The next step to choosing a care provider is to setup and conduct interviews. Some women wonder why in the world you would interview a care provider. For most it doesn’t make sense, because it is rarely done. We usually just go to whomever is covered by insurance or whoever our mom or best friend go to. However, the care provider that attends your birth is a very important element to the type of experience you will have. If you want to have a natural birth with few medical interventions in a hospital and the OBGYN you choose is not supportive of natural birth your likelihood of having the experience you want is very low. If you want to reduce the risks of having a cesarean section and your OBGYN has a high c-section rate, your risk of cesarean is increased just by the care provider you chose. Choose carefully! Take your time! And if the one you choose isn’t supportive of the experience you want to have, fire them! Go to a new care provider who is supportive. I have known women you have fired their care provider during labor. They work for you!

The final step is to conduct interviews. Call the care provider’s office and setup a “consult” appointment. Tell the receptionist you would like to discuss different birth options with the care provider. This will help them know how much time to give you for the appointment. On my next post I will discuss how to interview a care provider.

Read the previous posts in this series here: PART 1  PART 2

Image courtesy of photostock /

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I Am On A Mission…

I am on a mission to provide priceless information and support to empower birthing women to have a confident, respected, and intimate childbirth experience. – Marcie HunterI am on a mission

please do not copy or remove watermark. If you would like to share or post, please link back to my site.

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Exploring Your Options Series – Part 2

I first thing I want to talk about are 2 very important choices. These two choices will determine what other choices you have surrounding your birth. This week we will talk about the first important choice:

Care ProvidersMidwife, Suzanne Smith

When choosing a care provider, it is important not to make assumptions about the type of care or philosophy based on the sex or type of care provider. You cannot assume that a female care provider will be more caring, flexible and less likely to introduce interventions, than a male. You cannot assume that all midwives practice from the midwifery care model and that OBs or Family Doctors will not. There are some OBs that act as excellent “midwives” and some midwives that offer a more medicalized approach to pregnancy and birth. The pros and cons I will present are generalized. What may be a con to you, may be a pro for someone else and vice versa. It is important to interview several different care providers before choosing one. Ask lots of questions!

  • Obstetrician/Gynecologist or OB/GYN
    • Pros –
      • Skills and experience to diagnose and treat serious complications during pregnancy and birth
      • Rarely would require transfer of care
    • Cons –
      • Trained surgical specialist in the pathology of women’s reproductive organs. More medicalized care. Less naturally minded.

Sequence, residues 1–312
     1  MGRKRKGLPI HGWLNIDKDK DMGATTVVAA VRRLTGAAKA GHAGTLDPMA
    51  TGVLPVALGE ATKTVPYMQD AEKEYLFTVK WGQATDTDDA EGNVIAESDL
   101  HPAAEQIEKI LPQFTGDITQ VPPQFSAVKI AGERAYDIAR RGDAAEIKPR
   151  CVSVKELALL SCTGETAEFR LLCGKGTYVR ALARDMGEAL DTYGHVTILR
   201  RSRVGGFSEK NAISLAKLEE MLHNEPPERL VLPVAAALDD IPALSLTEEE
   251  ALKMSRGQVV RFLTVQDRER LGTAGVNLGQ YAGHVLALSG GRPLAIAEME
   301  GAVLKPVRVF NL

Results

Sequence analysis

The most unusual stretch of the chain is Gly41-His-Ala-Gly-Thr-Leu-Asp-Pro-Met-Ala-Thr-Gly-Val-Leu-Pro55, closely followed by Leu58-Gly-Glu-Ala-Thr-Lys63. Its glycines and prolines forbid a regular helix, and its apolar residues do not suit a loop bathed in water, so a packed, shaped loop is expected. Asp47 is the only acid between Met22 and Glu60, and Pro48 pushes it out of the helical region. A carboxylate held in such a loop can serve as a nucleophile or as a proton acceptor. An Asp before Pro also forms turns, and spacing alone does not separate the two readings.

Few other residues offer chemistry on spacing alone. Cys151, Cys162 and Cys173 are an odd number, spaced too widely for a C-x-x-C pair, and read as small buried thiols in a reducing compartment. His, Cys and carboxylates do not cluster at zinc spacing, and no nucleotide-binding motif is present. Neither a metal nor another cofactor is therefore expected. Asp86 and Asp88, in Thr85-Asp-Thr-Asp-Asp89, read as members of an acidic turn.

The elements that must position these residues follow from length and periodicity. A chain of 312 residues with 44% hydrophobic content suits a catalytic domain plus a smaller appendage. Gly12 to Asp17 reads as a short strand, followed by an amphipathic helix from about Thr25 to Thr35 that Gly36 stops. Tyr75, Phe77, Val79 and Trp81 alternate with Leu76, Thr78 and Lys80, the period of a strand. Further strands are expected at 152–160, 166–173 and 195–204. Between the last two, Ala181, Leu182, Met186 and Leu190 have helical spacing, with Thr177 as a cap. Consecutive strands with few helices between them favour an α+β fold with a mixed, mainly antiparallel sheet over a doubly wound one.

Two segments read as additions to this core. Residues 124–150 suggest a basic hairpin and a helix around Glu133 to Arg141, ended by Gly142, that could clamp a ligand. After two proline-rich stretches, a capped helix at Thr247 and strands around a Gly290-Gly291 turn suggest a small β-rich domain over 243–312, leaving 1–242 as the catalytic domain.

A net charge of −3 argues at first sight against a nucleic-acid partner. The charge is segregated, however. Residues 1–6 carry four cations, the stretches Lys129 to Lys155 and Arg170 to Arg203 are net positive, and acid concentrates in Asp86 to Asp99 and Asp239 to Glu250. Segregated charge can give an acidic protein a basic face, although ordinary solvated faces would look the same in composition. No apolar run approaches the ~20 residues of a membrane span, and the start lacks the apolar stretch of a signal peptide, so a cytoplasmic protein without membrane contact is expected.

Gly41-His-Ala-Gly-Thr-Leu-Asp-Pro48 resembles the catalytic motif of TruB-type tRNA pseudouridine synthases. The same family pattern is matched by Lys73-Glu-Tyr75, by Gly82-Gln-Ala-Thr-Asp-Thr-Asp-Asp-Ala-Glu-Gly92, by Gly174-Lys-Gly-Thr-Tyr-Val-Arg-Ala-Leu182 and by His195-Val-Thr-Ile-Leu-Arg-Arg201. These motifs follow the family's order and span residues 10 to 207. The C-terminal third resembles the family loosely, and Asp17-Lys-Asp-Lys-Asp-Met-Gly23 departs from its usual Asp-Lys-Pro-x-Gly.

• Low-risk women often seen as high-risk
      • Limited repertoire; no experience in other lower risk options
      • As someone put it “If you don’t want to get cut, don’t go to a surgeon.”
      • Limited to hospital
  • Family Doctor
    • Pros –
      • Tend to introduce fewer interventions than an OB.
      • All members of the family can see one doctor.
        • This creates better doctor/patient relationships and convenience.
    • Cons –
      • Pregnancy or birth complications may mean a transfer of care.
      • Still have a “high-risk” mentality of pregnancy and birth and introduce interventions more than a midwife.
      • Limited to hospital
  • Midwife

Most midwives practice under the Midwives Model of Care. This model of care is based on the fact that pregnancy and birth are normal life processes.

The Midwives Model of Care includes:

  • Monitoring the physical, psychological, and social well-being of the mother throughout the childbearing cycle
  • Providing the mother with individualized education, counseling, and prenatal care, continuous hands-on assistance during labor and delivery, and postpartum support
  • Minimizing technological interventions
  • Identifying and referring women who require obstetrical attention

The application of this woman-centered model of care has been proven to reduce the incidence of birth injury, trauma, and cesarean section.

  • Pros –
    • Offer flexible, individualized, supportive care rather than introducing medical interventions routinely.
    • More attentive to emotional issues during pregnancy and childbirth.
    • Offer many low-risk strategies for correcting problems that may arise during pregnancy and childbirth.
    • Midwife practices, procedures and tests come closer to the recommended guidelines of official physicians’ organizations, than those of a typical OB.
    • Many midwives offer well-woman care. This allows women to continue their care postpartum with the same care provider.
    • Midwives aren’t just limited to hospital care. They attend birth at freestanding birth centers and home births.
    • Cons –
      • Pregnancy and birth complications may mean a transfer of care to an OB.
    • Different Types of Midwives
        • There are three different types of midwives that can legally practice in Utah: